The common cold is a viral infection of your nose and throat (upper respiratory tract). It's usually harmless, although it might not feel that way. Many types of viruses can cause a common cold.
Healthy adults can expect to have two or three colds each year. Infants and young children may have even more frequent colds.
Most people recover from a common cold in a week or 10 days. Symptoms might last longer in people who smoke. Generally, you don't need medical attention for a common cold. However, if symptoms don't improve or if they get worse, see your doctor.
Symptoms of a common cold usually appear one to three days after exposure to a cold-causing virus. Signs and symptoms, which can vary from person to person, might include:
- Runny or stuffy nose
- Sore throat
- Slight body aches or a mild headache
- Low-grade fever
- Generally feeling unwell
The discharge from your nose may start out clear and become thicker and yellow or green as a common cold runs its course. This doesn't usually mean you have a bacterial infection.
When to see a doctor
For adults — generally, you don't need medical attention for a common cold. However, seek medical attention if you have:
- Symptoms that worsen or fail to improve
- Fever greater than 101.3 F (38.5 C) lasting more than three days
- Fever returning after a fever-free period
- Shortness of breath
- Severe sore throat, headache or sinus pain
For children — in general, your child doesn't need to see his or her doctor for a common cold. But seek medical attention right away if your child has any of the following:
- Fever of 100.4 F (38 C) in newborns up to 12 weeks
- Rising fever or fever lasting more than two days in a child of any age
- Severe symptoms, such as headache, throat pain or cough
- Difficulty breathing or wheezing
- Ear pain
- Extreme fussiness
- Unusual drowsiness
- Lack of appetite
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Although many types of viruses can cause a common cold, rhinoviruses are the most common cause.
A cold virus enters your body through your mouth, eyes or nose. The virus can spread through droplets in the air when someone who is sick coughs, sneezes or talks.
It also spreads by hand-to-hand contact with someone who has a cold or by sharing contaminated objects, such as eating utensils, towels, toys or telephones. If you touch your eyes, nose or mouth after such contact, you're likely to catch a cold.
These factors can increase your chances of getting a cold:
- Age. Infants and young children are at greatest risk of colds, especially if they spend time in child care settings.
- Weakened immune system. Having a chronic illness or otherwise weakened immune system increases your risk.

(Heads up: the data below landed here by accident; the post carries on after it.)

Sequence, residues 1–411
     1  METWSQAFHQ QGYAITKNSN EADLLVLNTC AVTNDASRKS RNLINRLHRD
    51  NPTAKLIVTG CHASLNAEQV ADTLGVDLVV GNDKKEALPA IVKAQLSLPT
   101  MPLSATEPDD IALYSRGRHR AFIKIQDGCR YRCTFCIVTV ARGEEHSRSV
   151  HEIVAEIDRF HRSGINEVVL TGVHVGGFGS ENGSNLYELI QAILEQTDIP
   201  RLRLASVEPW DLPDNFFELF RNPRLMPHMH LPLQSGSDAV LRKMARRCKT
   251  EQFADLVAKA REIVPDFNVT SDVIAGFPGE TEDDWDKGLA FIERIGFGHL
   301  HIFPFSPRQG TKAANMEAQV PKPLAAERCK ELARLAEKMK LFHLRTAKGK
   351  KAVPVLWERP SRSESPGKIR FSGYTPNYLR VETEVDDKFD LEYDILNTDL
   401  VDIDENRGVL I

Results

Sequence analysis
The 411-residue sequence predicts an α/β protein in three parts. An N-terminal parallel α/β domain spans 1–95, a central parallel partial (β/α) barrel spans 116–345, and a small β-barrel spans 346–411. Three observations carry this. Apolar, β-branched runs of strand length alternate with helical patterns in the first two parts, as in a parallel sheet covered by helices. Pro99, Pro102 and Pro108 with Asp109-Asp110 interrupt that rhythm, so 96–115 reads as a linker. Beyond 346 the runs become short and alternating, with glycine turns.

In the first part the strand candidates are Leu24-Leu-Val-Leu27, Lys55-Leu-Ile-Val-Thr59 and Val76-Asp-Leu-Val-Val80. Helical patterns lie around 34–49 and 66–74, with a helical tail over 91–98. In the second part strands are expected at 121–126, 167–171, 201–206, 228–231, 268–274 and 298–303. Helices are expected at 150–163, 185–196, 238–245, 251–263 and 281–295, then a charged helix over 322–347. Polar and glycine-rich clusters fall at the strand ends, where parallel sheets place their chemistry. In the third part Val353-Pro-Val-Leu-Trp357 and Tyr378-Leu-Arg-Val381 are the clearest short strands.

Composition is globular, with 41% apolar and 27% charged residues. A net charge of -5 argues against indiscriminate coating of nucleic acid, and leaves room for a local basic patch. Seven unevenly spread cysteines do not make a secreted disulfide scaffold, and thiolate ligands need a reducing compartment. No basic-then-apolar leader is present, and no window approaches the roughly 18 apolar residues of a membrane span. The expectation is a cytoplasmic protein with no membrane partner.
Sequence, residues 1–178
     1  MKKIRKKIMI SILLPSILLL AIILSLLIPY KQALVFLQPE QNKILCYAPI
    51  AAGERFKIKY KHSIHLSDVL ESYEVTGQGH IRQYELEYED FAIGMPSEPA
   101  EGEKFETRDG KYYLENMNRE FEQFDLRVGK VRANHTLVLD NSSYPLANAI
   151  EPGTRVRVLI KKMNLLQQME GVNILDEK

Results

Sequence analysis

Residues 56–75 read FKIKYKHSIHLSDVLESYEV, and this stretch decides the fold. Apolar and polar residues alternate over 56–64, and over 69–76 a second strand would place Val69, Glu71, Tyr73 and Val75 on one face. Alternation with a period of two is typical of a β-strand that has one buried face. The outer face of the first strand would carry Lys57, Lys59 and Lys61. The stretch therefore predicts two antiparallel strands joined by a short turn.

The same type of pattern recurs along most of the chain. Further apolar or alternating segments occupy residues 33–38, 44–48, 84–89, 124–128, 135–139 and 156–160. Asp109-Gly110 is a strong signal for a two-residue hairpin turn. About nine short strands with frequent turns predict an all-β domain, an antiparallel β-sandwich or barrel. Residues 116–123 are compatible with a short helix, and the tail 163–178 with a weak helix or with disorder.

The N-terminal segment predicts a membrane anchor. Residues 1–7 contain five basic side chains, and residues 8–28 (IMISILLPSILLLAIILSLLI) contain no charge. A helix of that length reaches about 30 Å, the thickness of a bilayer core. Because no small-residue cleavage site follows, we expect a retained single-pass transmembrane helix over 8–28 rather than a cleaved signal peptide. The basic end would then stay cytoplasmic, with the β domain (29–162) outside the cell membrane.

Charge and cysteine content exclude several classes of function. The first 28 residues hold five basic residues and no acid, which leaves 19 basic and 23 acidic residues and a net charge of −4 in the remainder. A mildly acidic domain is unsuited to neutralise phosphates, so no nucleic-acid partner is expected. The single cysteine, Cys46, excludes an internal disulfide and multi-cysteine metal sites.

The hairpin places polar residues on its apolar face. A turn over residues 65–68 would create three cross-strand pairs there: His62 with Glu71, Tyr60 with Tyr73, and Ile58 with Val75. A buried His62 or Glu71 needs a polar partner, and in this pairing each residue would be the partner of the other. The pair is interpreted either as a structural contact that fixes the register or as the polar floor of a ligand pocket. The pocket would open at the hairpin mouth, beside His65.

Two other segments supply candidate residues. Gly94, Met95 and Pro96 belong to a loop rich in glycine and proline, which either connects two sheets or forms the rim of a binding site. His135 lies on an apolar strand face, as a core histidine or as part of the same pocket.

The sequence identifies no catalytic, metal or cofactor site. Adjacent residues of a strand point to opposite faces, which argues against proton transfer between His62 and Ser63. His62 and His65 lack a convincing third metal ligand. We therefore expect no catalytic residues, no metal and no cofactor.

- Time of year. Both children and adults are more likely to get colds in fall and winter, but you can get a cold anytime.
- Smoking. You're more likely to catch a cold and to have more-severe colds if you smoke or are around secondhand smoke.
- Exposure. If you're around crowds, such as at school or on an airplane, you're likely to be exposed to viruses that cause colds.
These conditions can occur along with your cold:
- Acute ear infection (otitis media). This occurs when bacteria or viruses enter the space behind the eardrum. Typical signs and symptoms include earaches or the return of a fever following a common cold.
- Asthma. A cold can trigger wheezing, even if you don't have asthma. If you have asthma, a cold can make it worse.
- Acute sinusitis. In adults or children, a common cold that doesn't resolve can lead to swelling and pain (inflammation) and infection of the sinuses.
- Other infections. A common cold can lead to other infections, including strep throat, pneumonia, and croup or bronchiolitis in children. These infections need to be treated by a doctor.
There's no vaccine for the common cold, but you can take commonsense precautions to slow the spread of cold viruses:
- Wash your hands. Wash your hands thoroughly and often with soap and water for at least 20 seconds. If soap and water aren't available, use an alcohol-based hand sanitizer that contains at least 60% alcohol. Teach your children the importance of hand-washing. Avoid touching your eyes, nose or mouth with unwashed hands.
- Disinfect your stuff. Clean and disinfect high-touch surfaces, such as doorknobs, light switches, electronics, and kitchen and bathroom countertops daily. This is especially important when someone in your family has a cold. Wash children's toys periodically.
- Cover your cough. Sneeze and cough into tissues. Throw away used tissues right away, then wash your hands thoroughly. If you don't have a tissue, sneeze or cough into the bend of your elbow and then wash your hands.
- Don't share. Don't share drinking glasses or eating utensils with other family members. Use your own glass or disposable cups when you or someone else is sick. Label the cup or glass with the name of the person using it.
- Stay away from people with colds. Avoid close contact with anyone who has a cold. Stay out of crowds, when possible. Avoid touching your eyes, nose and mouth.
- Review your child care center's policies. Look for a child care setting with good hygiene practices and clear policies about keeping sick children at home.
- Take care of yourself. Eating well and getting exercise and enough sleep is good for your overall health.